If you know the meaning of the word “mephitic,” congratulations; if you don’t know the meaning, no fair peeking into your dictionary. In truth the meaning of the word is irrelevant. But I will tell you why it is important for writers and how I came across the word.
I discovered the word in this sentence: “The air he inhaled was no longer pure, but thick and mephitic,—he was in prison.”* I did not know the word so I looked it up. It means an offensive smell; stench. The word and the sentence are quoted from the 8th chapter of “The Count of Monte Cristo” by Alexandre Dumas.
So why is the word important? It comes down to the choice a writer makes. Why not use stench, rather than the somewhat recondite “mephitic.” Would it be more clear if stench is the word or is “mephitic” the correct word to use? We can’t ask Dumas, not just because he is dead, but he was French, so he used neither word. I don’t speak French-okay I know merde-which captures both the essences of either mephitic or stench. The word mephitic was used by a translator and I assume he or she chose the word because it was closer in meaning to mephitic than stench, though I am not sure of what the difference is. Perhaps because Dumas was a great writer and the “Count of Monte Cristo,” being considered a classic, mephitic was chosen because it has that intellectual, professorial, linguistic air about it. It is a highfalutin word for the highfalutin reader, whereas stench is for the common man, the common reader, the kind that need dictionaries.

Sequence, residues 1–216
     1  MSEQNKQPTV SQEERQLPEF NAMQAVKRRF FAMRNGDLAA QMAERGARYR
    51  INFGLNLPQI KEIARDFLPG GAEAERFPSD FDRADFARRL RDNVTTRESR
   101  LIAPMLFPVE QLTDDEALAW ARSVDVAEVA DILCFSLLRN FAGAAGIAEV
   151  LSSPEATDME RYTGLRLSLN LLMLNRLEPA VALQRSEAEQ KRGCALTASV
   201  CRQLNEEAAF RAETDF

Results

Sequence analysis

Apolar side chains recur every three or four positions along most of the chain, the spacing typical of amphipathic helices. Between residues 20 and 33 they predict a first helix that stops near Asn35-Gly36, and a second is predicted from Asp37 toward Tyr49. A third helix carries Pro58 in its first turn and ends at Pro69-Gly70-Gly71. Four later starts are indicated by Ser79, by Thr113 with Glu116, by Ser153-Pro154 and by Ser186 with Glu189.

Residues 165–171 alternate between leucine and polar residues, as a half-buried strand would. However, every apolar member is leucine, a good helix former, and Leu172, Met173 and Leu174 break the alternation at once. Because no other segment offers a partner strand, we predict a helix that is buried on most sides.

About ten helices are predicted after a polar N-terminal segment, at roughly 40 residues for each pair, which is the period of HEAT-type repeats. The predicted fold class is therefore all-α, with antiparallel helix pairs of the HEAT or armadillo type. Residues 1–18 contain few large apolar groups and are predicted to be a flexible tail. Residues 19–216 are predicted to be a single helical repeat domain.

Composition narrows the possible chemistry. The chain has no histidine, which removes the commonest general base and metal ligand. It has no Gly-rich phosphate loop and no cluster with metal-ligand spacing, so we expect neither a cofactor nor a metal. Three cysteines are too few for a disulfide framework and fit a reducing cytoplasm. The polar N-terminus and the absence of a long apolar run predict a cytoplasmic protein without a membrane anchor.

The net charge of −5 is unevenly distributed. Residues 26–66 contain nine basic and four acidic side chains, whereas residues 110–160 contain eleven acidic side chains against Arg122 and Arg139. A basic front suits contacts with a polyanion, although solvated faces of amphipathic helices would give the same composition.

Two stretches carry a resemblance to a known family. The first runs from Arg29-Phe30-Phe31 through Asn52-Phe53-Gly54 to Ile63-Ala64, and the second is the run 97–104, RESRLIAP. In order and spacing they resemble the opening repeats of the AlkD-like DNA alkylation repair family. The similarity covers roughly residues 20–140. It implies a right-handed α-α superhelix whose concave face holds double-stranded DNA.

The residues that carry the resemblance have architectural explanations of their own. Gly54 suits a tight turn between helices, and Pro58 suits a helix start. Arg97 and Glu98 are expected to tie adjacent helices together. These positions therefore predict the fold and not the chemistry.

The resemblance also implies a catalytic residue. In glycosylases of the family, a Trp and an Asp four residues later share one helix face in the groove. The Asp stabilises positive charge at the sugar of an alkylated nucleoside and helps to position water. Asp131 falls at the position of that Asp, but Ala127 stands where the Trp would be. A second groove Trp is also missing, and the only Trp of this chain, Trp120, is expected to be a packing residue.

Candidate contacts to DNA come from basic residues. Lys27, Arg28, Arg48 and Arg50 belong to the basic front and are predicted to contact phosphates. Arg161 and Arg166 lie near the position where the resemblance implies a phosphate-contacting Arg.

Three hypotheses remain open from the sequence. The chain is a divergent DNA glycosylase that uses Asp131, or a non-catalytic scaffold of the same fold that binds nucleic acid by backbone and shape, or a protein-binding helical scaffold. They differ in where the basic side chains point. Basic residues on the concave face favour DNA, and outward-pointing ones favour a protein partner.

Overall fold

I bring this up because writers need to choose the right word for the right meaning for the right audience. In the first sentence in the above paragraph I wrote, “rather than the somewhat recondite ‘mephitic.’ ” I had used esoteric not recondite, but changed it because I believe recondite more closely approximates my intended meaning. Synonyms have shades of meanings, so choose the right shade to convey your sunny meaning.
With that last sentence it is clear I need to stop for the day.
I hope you get the drift of my intent, if not merde.
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*Dumas, Alexandre; Maplewood Books (2014-07-08). The Count of Monte Cristo (Annotated with Exclusive Bonus Features) (Kindle Location 1068). Maplewood Books. Kindle Edition.